Meanwhile, Human Rights Watch’s deputy director for Asia, Phil Robertson, said that while the Rohingya community had cheered Najib as a hero during the rally, there had been little follow-up.

“When it really mattered last month, during the push for international accountability for rights abuses against the Rohingya at the UN Human Rights Council, Malaysia was quiet. Malaysia hosted the OIC foreign ministers to meet about the Rohingya in another burst of publicity in January, but then couldn’t deliver the consensus needed for the OIC to be a force in negotiations at the [Human Rights Council],” he said.

“So while Human Rights Watch wants to believe that the leaders in Putrajaya are sincere about protecting the Rohingya, their track record in terms of consistency and accomplishment leaves a whole lot to be desired. What is not in doubt is that Umno [Najib’s party – the United Malays National Organisation] is milking the political popularity of a pro-Rohingya stance for everything it’s worth, using it as a bridge to PAS, and publicly promoting how Najib stands up for downtrodden Muslims in another part of Asia.”

A work programme aimed at Rohingya refugees announced in February is one such example of the “lip service” performed by the government. The programme had promised to give jobs to 300 card-carrying refugees in the manufacturing and plantation sectors by March 1, but did not meet that deadline.

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The Rohingya Society in Malaysia president Faisal Islam Muhammad Kassim said the government was still negotiating with UNHCR and the community, and still recruiting people; while Deputy Home Minister Nur Jazlan Mohamed said the programme had not been well-received as the Rohingya wanted to stay in their own community. A UNHCR spokesperson expressed hope that the programme would be expanded to more sectors and a wider group of refugees.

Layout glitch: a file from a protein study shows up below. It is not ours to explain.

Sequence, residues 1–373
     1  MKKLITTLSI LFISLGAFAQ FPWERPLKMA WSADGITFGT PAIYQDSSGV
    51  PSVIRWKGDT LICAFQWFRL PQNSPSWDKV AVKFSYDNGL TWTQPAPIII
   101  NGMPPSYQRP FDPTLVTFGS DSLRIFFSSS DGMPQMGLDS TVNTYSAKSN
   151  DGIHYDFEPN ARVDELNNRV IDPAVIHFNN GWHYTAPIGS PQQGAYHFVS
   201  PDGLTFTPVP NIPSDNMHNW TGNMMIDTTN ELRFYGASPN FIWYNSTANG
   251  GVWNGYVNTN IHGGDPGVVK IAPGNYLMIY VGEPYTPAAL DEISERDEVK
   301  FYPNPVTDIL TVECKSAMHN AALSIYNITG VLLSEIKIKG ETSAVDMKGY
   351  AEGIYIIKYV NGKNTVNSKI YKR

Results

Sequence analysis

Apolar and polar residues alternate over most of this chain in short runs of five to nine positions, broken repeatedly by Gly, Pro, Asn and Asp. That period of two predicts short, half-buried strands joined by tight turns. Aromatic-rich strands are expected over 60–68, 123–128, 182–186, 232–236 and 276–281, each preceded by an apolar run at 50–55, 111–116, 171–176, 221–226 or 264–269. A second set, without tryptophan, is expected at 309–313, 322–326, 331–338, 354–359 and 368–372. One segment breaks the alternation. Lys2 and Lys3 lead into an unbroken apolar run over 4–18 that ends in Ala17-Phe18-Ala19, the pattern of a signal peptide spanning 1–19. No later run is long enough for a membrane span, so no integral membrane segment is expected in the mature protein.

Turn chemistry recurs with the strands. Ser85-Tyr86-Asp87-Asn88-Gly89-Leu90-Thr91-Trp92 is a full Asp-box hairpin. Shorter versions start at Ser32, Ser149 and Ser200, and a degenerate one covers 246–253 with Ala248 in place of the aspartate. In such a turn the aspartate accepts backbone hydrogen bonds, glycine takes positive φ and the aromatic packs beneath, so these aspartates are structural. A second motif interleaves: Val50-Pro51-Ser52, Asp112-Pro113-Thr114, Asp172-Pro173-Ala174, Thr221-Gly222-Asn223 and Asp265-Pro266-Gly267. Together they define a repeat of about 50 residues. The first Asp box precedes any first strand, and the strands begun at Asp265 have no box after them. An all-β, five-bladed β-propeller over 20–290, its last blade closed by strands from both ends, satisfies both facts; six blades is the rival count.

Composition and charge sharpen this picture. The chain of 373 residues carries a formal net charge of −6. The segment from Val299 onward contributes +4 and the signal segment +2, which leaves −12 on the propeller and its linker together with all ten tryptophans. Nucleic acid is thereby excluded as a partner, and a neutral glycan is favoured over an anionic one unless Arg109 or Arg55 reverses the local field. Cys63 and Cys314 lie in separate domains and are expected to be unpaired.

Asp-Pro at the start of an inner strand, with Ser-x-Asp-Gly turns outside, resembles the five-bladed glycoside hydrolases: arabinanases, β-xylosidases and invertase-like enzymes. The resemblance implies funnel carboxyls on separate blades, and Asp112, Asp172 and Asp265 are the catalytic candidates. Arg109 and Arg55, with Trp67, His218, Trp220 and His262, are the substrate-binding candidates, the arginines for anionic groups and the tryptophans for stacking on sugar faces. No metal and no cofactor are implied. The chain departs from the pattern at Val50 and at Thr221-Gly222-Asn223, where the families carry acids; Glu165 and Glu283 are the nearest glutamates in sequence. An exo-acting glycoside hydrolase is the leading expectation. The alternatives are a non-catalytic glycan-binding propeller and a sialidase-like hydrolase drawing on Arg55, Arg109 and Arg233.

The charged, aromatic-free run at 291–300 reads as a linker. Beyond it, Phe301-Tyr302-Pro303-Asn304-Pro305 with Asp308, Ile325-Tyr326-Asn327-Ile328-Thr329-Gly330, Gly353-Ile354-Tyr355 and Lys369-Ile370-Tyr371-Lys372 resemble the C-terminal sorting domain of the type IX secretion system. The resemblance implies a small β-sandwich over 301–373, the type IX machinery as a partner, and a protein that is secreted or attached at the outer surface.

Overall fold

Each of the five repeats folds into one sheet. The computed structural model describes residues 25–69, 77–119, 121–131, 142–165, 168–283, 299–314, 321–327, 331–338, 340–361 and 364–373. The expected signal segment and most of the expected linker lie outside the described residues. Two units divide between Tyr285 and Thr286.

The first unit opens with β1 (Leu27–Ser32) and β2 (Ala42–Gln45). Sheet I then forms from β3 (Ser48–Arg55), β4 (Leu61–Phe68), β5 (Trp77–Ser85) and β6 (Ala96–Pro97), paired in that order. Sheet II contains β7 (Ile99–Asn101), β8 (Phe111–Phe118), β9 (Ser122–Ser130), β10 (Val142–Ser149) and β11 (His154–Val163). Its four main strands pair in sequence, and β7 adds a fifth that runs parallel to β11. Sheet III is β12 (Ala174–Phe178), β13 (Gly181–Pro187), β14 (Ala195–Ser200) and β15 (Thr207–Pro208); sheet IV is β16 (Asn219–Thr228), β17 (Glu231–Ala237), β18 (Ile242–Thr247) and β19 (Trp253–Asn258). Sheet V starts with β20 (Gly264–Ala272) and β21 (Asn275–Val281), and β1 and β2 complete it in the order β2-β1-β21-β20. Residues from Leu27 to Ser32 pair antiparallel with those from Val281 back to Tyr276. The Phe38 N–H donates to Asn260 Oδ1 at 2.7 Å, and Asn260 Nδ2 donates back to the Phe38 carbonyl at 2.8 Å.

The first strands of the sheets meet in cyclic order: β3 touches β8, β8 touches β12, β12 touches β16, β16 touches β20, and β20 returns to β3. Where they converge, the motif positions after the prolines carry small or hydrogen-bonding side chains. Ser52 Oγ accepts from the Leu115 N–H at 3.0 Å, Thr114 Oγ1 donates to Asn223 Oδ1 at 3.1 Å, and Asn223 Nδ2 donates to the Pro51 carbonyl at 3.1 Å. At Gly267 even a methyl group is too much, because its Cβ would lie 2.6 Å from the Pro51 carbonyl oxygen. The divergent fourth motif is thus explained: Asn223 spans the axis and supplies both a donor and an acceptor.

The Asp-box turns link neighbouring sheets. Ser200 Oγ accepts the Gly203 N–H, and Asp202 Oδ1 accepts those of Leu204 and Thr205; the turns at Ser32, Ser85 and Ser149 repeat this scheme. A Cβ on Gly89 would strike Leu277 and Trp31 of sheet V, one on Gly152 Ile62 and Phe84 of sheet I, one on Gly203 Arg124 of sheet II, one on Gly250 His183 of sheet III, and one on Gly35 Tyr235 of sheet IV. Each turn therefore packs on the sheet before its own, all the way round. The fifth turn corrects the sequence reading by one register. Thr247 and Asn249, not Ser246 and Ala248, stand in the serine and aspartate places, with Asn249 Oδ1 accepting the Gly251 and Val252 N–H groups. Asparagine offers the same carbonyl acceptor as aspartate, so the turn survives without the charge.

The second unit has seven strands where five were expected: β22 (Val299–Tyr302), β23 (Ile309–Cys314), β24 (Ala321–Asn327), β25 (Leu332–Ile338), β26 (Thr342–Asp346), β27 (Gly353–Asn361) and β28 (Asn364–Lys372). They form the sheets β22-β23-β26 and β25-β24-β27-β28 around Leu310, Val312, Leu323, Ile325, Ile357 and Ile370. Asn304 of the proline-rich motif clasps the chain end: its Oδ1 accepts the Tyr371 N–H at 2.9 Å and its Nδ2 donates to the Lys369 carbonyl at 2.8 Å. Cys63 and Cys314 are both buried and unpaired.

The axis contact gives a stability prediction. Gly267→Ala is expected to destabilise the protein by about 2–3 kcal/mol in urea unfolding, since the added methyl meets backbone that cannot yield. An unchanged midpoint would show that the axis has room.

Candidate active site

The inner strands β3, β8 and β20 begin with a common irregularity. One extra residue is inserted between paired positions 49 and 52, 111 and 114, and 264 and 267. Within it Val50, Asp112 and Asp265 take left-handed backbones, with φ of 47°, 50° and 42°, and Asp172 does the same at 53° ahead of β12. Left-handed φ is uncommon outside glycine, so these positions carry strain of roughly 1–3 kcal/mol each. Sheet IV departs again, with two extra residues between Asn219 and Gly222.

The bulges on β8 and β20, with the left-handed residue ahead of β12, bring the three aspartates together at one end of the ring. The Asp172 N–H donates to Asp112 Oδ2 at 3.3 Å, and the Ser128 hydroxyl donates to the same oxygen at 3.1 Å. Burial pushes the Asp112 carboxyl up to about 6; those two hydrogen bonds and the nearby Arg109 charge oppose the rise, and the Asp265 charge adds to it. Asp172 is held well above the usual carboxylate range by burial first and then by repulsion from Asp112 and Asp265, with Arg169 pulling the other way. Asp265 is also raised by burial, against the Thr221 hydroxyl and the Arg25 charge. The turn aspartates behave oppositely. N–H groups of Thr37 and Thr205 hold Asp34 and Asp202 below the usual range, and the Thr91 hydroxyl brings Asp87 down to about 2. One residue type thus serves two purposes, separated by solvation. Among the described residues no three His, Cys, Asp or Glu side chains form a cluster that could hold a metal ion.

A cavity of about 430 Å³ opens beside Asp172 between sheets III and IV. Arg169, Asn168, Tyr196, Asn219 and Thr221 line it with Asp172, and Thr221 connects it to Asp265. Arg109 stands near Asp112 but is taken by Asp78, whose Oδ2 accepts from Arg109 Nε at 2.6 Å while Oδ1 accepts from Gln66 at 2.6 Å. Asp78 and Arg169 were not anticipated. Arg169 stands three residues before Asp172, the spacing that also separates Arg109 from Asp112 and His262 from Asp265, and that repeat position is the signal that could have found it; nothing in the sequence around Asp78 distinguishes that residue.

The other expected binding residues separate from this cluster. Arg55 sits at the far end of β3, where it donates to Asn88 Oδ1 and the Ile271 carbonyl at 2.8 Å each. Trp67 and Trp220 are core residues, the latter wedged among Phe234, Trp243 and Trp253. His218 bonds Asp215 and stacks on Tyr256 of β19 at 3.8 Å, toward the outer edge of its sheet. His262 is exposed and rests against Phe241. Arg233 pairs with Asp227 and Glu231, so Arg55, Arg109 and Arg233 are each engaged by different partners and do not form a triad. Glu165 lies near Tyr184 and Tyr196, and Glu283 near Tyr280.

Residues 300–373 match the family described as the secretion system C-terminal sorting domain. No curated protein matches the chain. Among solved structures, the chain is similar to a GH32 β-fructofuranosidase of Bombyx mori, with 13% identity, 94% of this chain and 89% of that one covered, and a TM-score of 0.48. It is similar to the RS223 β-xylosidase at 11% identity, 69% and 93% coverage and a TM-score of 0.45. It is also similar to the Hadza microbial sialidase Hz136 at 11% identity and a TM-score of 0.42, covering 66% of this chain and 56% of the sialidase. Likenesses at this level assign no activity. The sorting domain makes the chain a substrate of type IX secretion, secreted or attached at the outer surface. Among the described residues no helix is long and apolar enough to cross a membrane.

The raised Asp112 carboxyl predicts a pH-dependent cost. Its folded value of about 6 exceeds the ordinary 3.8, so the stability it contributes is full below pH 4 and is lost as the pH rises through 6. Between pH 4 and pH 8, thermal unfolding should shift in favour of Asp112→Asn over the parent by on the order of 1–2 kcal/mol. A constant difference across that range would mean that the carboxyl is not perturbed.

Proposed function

“UNHCR believes that a work scheme to allow genuine refugees the opportunity to work lawfully would help the government deal with its legitimate concerns about criminality and security, and provide a source of willing labour to support the Malaysian economy. It would also transform the quality and protection of refugees’ lives in terms of enhancing self-sufficiency, and significantly reduce the burden on the host state.”

Migrant rights NGO Tenaganita said the project was poorly thought out. “We have heard that the government has not yet found 300 people and we wonder why. Come to us and we can easily find you Rohingya refugees willing to leave their community and work. The government must engage with those working on the ground,” said programme director Aegile Fernandez.

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She said the programme had prompted concerns within the Coalition of Burmese Ethnic Minorities (Cobem), with other ethnic groups questioning why only the Rohingya had been chosen for the project.

“They expressed concern that they were being sidelined, and we couldn’t get an explanation. It is discriminatory and breaks up the relationship between the ethnic communities too. At the end of the day it’s all political,” said Fernandez.

Most of the refugees in Malaysia are from Myanmar. Of the 150,800 refugees and asylum-seekers registered with the UNHCR at the end of March, 134,180 were from Myanmar. Of those, about 57,600 are Rohingya.

“The Rohingya people have been in Malaysia for four decades now, and nothing was done to help them.”

This was echoed by Human Rights Watch, which said the programme was a start, but what was really needed were work permits for jobs closer to the refugees’ homes and communities.

“Only when that kind of policy comes for the Rohingya and all refugees can Malaysia’s political leadership really claim that they have put their money where their mouth has been.”